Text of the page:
But many of the Chinese supporters of Liu still felt that well-intentioned Westerners have a long way to go before they really understand China’s politics. The Norwegian hosts repeatedly expressed a hope, for example, that Liu Xiaobo will soon be allowed to come to Oslo to collect his prize. Exiled Chinese who heard this kind-hearted wish knew, but did not say, how unrealistic it was. Even if Liu Xiaobo were to be released from prison, it is unimaginable that he would agree to leave China. If he left, the regime could bar him from reentry, as it has so many others, and his ability to influence life and ideas inside China would decline precipitously. Liu Xiaobo is smart enough not to let such a thing happen, so as long as the medal remains in Oslo, it is likely that he will be separated from it for a long time. (His wife could in the future try to collect it, but she, too, would have to calculate the risk of forced exile.)
Liu knows that the greatest potential for his ideas, and the most important effects of his Nobel Prize, will unfold inside China. China’s rulers have consistently denounced his Charter 08 as “un-Chinese,” even while they assiduously prevent its publication inside China, apparently from a fear that ordinary people, were they to read it, might not find it so un-Chinese. The Internet is porous, and the Nobel Prize will certainly make Chinese people curious to learn more about Liu Xiaobo.
In the twenty-four hours following the announcement of the prize on October 8, the Chinese-language website at Human Rights Watch, which was featuring Liu Xiaobo, got more hits from mainland China than it had gotten for about a year. Jimmy Lai, a refugee from Mao’s China who is now a media mogul in Hong Kong and Taiwan, and who flew to Oslo to support Liu Xiaobo, borrowed Mao’s famous line from 1949 that “the Chinese people have stood up.” They didn’t really stand up then, said Lai. “But now it could happen. Now people can see that ‘China’ in the twenty-first century can be something much bigger and better than the Communist Party.”
While others shared this kind of optimism, for many fear persisted as well: it is just too hard to say which side will win. At a happy gathering in the mid-afternoon of December 9, for example, Renée Xia, the overseas director of China Human Rights Defenders, received an urgent phone call from Beijing. Zhang Zuhua, who had been Liu Xiaobo’s main collaborator on Charter 08, had just been abducted by plainclothes police on a Beijing sidewalk.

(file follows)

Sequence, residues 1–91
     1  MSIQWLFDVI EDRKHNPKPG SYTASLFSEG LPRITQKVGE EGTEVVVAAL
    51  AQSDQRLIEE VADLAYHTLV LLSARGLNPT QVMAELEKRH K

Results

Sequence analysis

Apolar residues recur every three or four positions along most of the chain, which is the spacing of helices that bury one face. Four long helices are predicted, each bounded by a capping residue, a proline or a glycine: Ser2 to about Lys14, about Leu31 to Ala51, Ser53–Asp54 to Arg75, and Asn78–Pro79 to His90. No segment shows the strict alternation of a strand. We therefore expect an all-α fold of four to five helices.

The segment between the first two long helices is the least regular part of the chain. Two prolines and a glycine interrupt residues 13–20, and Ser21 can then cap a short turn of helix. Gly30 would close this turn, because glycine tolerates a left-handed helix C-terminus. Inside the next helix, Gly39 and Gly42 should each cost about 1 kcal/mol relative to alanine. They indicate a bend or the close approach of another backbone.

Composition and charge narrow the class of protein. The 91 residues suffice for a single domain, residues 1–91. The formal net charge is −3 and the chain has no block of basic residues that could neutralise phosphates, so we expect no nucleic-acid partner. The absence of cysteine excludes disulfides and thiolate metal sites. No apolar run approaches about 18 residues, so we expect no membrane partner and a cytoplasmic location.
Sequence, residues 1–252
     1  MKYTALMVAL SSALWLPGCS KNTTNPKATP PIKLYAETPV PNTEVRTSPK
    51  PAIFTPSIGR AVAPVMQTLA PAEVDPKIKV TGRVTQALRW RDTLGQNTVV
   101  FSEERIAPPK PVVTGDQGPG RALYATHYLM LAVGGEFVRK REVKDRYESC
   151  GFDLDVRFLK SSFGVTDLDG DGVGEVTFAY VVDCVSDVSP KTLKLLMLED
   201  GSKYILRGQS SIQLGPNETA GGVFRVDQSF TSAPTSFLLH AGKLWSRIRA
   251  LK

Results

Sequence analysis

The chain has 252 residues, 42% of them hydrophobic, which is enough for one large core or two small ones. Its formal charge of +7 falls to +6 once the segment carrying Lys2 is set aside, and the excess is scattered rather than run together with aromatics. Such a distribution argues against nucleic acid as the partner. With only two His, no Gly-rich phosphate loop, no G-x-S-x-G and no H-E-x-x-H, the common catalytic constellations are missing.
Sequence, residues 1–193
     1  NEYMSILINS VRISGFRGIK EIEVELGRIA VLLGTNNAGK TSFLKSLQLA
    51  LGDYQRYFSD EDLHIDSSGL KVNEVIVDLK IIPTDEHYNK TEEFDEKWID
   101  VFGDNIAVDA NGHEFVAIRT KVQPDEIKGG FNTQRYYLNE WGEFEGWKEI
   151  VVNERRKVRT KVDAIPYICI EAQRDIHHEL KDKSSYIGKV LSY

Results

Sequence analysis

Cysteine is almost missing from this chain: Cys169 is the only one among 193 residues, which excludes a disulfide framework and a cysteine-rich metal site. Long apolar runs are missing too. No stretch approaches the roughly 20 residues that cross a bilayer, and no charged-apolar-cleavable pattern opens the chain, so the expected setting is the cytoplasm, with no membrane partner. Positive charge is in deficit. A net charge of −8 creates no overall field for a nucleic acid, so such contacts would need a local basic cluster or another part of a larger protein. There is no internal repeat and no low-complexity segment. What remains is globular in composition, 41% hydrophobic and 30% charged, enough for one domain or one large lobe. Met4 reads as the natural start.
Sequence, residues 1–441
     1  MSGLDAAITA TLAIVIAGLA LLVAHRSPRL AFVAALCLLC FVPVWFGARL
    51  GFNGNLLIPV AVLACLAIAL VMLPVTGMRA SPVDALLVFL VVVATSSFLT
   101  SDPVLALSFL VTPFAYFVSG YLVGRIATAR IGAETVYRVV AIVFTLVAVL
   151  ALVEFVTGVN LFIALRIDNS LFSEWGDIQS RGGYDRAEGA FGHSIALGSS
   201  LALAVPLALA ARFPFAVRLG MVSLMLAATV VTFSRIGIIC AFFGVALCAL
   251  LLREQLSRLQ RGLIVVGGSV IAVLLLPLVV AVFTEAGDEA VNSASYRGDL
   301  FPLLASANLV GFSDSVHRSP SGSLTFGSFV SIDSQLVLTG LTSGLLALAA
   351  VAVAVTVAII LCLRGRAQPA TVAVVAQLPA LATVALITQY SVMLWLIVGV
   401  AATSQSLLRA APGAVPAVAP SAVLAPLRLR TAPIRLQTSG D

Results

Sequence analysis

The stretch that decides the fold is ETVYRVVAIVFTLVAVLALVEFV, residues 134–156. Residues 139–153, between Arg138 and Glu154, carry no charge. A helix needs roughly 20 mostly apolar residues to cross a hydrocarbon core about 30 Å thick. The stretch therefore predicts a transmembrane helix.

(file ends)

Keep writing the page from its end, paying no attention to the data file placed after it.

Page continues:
When the police took him away they told his wife it would “probably be only two or three days,” but of course they both worried about the “probably.” He was brought in a car that had curtains on the windows to a Public Security guesthouse near Beijing. He doesn’t know where it was, except that he could “see mountains” outside. He was allowed to read but was held in a room that had no electric light, so when the sun went down reading stopped. He was allowed to go out into the sitting area with the police to watch television and chat and to stroll in the courtyard with the policemen.
This was only hours before the Nobel ceremony was to happen. It may have been that the authorities wanted to eliminate any possibility of a telephone hookup to Oslo. In any case they gave no reasons. Zhang was held until December 12, and then was allowed to go home. But when this happened to Liu Xiaobo two years earlier, the eventual sentence was eleven years. One never knows what will happen.
Hu Ping, editor of Beijing Spring in New York and a longtime friend of Liu Xiaobo’s, held little hope that China’s rulers would ever soften their position toward democracy and human rights. “As they see it,” Hu said,
the current strategy works. The formula “money + violence” works, and we stay on top. We know what the world means by human rights and democracy, but why should we do that? Aren’t we getting stronger and richer all the time? Twenty years ago the West wasn’t afraid of us, and now they have to be. Why should we change what works?